Let me begin by saying that I support the creation of a Virgin Islands Constitution. I even testified at a meeting of the committee on the legislature to express my opinions on how our senate should be formed. Let me go a step further by saying that I respect many individual members of the Constitutional Convention and admire their work in helping to create such a document. Unfortunately there are some members of the Convention who have an agenda that will guarantee the failure, once again, of this worthwhile endeavor.
I am speaking specifically of the creation of classes of citizenship with the attendant special privileges that such distinctions will entail. The committee working on this would like to see all of us divided into three classes-Native Virgin Islander, Virgin Islander and Virgin Islands Citizen. Once these divisions are in place, with their definitions, then it opens the door for the legislature to designate singular rights for one group over the others. We are not far from having special tax breaks, special medical care, special retirement benefits, different voting rights and lord knows what else for only some citizens. Many members of the Convention have talked about wanting to create a document of inclusion and harmony, a document that will bring all of us with our commonality together as a people. The committee in question is not working toward those goals.
The Convention as a whole and the committee charged with this area of responsibility should take a look at a rather remarkable document, especially in the light in which it was created. I am talking about the Constitution of the Republic of South Africa. If ever there had been an aggrieved populace in our world it was the vast majority of the citizens of South Africa. Apartheid had been the law of the day separating the races into different classes with different privileges. Sound familiar? When the change of rule came you had Nelson Mandela and the African National Congress taking over the reins of government and what did they do? They created a constitution with a preamble that said–
"We, the people of South Africa, recognize the injustices of our past; honour those who suffered for justice and freedom in our land; respect those who have worked to build and develop our country; and believe that South Africa belongs to all who live in it, united in our diversity. We therefore, through our freely elected representatives, adopt this Constitution as the supreme law of the Republic so as to-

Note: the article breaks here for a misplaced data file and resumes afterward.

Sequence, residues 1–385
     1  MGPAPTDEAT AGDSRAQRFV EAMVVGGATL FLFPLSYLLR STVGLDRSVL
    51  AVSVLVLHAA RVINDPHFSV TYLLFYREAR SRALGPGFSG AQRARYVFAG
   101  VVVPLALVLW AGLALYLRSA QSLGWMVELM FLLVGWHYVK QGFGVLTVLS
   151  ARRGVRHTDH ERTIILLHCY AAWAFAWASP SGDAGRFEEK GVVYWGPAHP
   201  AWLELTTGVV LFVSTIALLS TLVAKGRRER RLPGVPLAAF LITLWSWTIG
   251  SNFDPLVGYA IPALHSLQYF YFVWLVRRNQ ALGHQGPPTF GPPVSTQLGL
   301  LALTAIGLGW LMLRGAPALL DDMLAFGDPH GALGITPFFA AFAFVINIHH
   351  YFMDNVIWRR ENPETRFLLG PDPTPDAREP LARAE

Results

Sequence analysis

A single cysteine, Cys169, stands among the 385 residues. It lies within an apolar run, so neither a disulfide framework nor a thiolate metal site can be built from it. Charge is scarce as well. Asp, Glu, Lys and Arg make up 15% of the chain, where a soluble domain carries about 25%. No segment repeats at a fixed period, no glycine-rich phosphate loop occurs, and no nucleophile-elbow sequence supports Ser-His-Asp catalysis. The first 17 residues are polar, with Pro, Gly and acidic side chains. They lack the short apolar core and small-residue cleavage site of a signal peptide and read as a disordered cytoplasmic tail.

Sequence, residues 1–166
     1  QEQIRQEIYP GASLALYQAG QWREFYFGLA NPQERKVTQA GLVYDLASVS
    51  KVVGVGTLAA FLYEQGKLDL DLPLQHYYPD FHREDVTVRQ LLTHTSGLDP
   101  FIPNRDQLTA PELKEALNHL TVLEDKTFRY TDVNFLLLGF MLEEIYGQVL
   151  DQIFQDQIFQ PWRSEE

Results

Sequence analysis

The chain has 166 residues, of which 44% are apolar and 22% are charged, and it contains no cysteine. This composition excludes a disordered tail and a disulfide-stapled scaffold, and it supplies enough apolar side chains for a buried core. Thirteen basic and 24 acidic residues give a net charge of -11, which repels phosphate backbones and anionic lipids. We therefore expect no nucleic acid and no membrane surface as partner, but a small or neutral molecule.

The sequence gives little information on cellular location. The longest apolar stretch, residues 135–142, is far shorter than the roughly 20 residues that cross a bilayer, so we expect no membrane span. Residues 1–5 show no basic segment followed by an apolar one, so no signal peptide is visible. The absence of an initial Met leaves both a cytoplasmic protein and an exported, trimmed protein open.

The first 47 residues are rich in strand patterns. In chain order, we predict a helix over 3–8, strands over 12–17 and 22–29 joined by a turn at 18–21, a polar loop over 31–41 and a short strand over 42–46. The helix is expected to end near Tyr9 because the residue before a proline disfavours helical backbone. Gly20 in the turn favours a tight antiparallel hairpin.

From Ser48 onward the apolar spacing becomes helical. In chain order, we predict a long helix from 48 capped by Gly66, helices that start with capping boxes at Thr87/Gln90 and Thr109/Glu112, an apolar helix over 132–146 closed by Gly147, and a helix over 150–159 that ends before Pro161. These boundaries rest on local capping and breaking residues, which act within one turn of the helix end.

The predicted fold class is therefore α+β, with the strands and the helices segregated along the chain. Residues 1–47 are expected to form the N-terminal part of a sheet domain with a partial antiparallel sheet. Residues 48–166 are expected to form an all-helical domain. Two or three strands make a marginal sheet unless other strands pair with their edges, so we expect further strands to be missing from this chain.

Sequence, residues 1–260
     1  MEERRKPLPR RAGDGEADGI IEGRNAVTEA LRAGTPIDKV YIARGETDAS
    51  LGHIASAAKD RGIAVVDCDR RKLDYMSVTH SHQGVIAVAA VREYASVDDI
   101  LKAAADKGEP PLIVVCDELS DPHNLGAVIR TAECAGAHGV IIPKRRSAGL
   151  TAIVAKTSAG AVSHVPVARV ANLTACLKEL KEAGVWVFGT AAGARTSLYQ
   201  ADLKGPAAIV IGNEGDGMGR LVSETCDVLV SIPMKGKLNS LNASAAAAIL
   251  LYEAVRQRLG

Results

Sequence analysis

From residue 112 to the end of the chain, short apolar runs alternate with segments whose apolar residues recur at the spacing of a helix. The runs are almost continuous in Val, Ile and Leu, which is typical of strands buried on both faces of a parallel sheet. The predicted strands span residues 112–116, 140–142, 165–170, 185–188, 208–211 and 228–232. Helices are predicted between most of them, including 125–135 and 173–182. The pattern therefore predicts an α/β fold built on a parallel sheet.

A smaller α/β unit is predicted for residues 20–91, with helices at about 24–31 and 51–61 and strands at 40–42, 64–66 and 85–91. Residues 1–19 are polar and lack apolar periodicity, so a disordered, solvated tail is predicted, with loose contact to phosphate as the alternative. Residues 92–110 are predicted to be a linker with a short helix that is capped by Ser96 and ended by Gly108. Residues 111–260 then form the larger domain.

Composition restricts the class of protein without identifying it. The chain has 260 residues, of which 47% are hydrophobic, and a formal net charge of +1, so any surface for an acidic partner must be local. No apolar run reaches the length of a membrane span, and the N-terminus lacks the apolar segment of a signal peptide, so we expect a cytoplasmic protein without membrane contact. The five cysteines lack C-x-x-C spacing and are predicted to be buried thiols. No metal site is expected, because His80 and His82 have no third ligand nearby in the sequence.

Heal the divisions of the past and establish a society based on democratic values, social justice and fundamental human rights;
Lay the foundations for a democratic and open society in which government is based on the will of the people and every citizen is equally protected by law;
Improve the quality of life of all citizens and free the potential of every person; and
Build a united and democratic South Africa able to take its rightful place as a sovereign state in the family of nations."
The South African Bill of Rights is similarly well written. Here is what they had to say about citizenship, in a very straightforward and to the point manner.
"Citizenship–(1) There is a common South African citizenship.
(2) All citizens are–
(a) equally entitled to the rights, privileges and benefits of citizenship; and
(b) equally subject to the duties and responsibilities of citizenship."
All of this is a beautiful and hope fulfilling example of what a constitution can be. Please listen to the phrases– united in our diversity-all who live in it-every citizen-every person-common citizenship– this is what we should be hoping for in our Constitution.
Instead, I believe, there are members of the Convention who are trying to create a form of Apartheid here on our islands with special rights for special people. Apartheid in Afrikaans means separateness or apartness. I don't believe that is the direction we want in our constitution and I urge the Convention's members to rethink the sections in question. I ask them to look at South Africa's constitution and realize how great we are as a people together and not apart. If you don't, the citizens of our islands will not ratify a document with that kind of divisiveness.
Michael A. Monagle
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